Soon, doctors realized something far more complex was happening. British Army psychiatrist Charles Myers thought soldiers were dealing with traumatic experiences by walling them off from their conscious thoughts. This suppression was causing outward symptoms such as trembling, loss of hearing and vision, and other physical symptoms.
Dr. Myers worked with his patients to bring their buried memories back into their conscious thoughts. He believed they had to confront their mental demons in order to conquer them.
The most severe cases were shipped back to Britain for treatment but the endless slaughter soon overwhelmed the hospitals. Many seriously ill men were simply discharged with a pat on the back and a wish for “Good luck.” Usually, they carried their deep mental injuries to their graves.
According to the Dutch website The Great War “medical officers were told not to diagnose lower ranks as shell-shocked. Eventually the term became forbidden altogether.”
Dr. Myers’ ideas on how to deal with shell shock were largely right. However, he faced a lot of resistance to his treatment program from the military establishment and he became discouraged and despondent.
Shell Shock among Canadians
The Canadian War Museum says “Doctors diagnosed almost 10,000 Canadians with shell shock during the war. Medical treatment ranged from the gentle to the cruel.”
The gentle therapy, as developed by Doctor Myers, involved rest in a peaceful and quiet environment. Occupational therapy, such as basket-weaving, helped men recover. Psychiatric counselling was also given to aid recovery.
The cruel treatment was favoured by Dr. Lewis Yealland, a Canadian-born physician at Britain’s National Hospital for Paralysed and Epileptic. He used electric shock therapy as described by an article in the Smithsonian Magazine (September 2010) and “clamps and machines that mechanically forced stubborn limbs out of their frozen position were other strategies.”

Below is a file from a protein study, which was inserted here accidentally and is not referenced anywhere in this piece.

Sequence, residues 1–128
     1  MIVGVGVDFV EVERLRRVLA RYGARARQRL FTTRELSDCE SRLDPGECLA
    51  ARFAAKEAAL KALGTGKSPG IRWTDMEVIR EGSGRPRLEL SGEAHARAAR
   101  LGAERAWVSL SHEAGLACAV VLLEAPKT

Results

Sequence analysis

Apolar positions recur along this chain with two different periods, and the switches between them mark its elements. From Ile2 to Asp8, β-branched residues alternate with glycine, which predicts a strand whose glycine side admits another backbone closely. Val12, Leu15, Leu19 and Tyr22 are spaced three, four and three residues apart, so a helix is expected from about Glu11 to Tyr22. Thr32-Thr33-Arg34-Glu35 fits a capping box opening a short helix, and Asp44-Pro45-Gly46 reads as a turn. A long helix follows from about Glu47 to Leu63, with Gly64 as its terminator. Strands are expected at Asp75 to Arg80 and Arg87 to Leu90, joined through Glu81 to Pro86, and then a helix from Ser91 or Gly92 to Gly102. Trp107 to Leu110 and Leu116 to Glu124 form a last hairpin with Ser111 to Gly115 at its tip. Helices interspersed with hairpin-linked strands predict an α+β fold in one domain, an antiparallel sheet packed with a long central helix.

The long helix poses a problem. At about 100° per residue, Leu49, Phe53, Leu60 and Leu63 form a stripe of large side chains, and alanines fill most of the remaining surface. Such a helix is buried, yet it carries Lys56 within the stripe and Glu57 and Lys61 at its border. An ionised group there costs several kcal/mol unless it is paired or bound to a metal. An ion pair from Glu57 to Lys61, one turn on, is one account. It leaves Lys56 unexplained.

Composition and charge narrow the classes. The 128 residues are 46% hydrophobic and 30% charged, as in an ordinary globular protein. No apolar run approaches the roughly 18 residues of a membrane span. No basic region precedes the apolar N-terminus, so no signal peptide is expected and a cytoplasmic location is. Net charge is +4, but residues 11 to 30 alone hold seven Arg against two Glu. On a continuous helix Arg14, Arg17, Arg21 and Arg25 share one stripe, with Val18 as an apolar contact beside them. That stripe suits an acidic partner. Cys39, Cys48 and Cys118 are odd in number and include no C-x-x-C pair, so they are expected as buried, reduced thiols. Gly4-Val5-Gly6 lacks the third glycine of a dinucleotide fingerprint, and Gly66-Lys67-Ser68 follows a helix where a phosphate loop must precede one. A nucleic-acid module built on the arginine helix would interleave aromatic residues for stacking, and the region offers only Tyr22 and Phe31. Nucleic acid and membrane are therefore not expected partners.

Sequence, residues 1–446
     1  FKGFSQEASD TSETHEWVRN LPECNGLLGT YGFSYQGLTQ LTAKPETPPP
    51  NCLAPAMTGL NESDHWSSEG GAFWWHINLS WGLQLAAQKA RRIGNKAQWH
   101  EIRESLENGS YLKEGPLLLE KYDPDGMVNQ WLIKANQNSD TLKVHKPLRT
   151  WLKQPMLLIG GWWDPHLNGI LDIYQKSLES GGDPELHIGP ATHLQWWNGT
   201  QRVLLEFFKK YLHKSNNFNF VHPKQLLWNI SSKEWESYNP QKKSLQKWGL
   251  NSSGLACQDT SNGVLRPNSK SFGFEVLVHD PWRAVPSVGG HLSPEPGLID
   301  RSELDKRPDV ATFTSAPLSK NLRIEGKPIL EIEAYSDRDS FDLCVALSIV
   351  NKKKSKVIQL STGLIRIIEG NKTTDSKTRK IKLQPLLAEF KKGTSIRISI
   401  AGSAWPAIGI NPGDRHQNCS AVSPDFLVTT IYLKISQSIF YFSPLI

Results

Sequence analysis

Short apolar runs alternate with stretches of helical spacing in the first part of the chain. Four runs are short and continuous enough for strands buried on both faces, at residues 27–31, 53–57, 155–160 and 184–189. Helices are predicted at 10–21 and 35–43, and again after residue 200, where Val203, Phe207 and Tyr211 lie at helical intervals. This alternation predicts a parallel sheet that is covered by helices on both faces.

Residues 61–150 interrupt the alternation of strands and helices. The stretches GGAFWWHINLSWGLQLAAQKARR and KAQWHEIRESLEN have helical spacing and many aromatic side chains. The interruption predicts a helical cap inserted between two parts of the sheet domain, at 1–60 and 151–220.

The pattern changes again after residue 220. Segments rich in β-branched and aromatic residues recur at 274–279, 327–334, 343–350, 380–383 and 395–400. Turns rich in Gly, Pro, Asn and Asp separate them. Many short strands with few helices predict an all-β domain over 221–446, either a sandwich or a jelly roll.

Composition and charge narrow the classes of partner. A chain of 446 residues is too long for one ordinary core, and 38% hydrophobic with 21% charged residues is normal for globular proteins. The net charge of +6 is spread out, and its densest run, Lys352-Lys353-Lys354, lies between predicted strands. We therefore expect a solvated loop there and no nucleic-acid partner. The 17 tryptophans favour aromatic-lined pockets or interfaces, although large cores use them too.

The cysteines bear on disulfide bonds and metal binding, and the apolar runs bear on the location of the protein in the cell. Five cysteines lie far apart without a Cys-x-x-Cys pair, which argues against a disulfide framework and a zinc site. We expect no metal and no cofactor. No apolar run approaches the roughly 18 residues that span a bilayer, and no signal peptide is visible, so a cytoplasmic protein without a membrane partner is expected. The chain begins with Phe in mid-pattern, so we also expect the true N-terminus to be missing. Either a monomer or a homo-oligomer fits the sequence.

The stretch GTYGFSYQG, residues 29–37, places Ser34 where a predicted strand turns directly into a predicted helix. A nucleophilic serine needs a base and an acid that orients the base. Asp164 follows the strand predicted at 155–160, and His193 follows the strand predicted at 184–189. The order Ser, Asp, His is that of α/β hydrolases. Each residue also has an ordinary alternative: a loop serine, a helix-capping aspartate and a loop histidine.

Firstworldwar.com adds that “Yealland treated a mute soldier by tying him in a chair, applying electric shocks to his throat while encouraging him to ‘remember, you must behave as the hero I expect you to be ... A man who has gone through so many battles should have better control of himself.’ ”
Siegfried Sassoon (1886–1967)
No doubt they’ll soon get well; the shock and strain
Have caused their stammering, disconnected talk.
Of course they’re ‘longing to go out again,’ –
These boys with old, scared faces, learning to walk.
They’ll soon forget their haunted nights; their cowed
Subjection to the ghosts of friends who died, -
Their dreams that drip with murder; and they’ll be proud
Of glorious war that shatter’d their pride...
Men who went out to battle, grim and glad;
Children, with eyes that hate you, broken and mad.
Therapy for Shell Shock
PTSD is now recognized as a profound psychological disorder. Talk therapy is used in treatment today by getting the patient to discuss the issue directly. Sufferers are taught about the nature of the condition; that it is caused by extreme stress and is not a sign of personal weakness.
Patients learn how to manage their anger and anxiety, and improve their communication skills. Also, they are taught relaxation techniques that help them overcome emotional and physical symptoms.
Pharmaceuticals may also be part of the therapy, particularly anti-depressants such as Zoloft and Paxil.
The term “shell shock” was coined by soldiers in the trenches. Army psychiatrist Charles Myers used the phrase in 1915 in a medical journal article to describe the severe mental breakdowns he was seeing among front-line troops.
In the past, PTSD has been known as war neurosis, combat stress, battle fatigue, shell shock, and, during the American Civil War in the 1860s, it was called soldier’s heart.
It wasn’t until 1980 that PTSD was recognized with a formal diagnosis.
- “How Did Soldiers Cope with War?” Matthew Shaw, British Library, undated.
- “Shellshock.” Canadian Museum of History, undated.
- “Shell Shock during World War One.” Professor Joanna Bourke, BBC History, October 3, 2011.
- “The Shock of War. Caroline Alexander, Smithsonian Magazine, September 2010.
- “Lewis Yealland.” Michael Duffy, Firstworldwar.com, August 22, 2009.
- “Shell Shocked.” Dr. Edgar Jones, American Psychological Association, June 2012.
- “An Unexpected Epidemic of Shell Shock.” Rob Ruggenberg,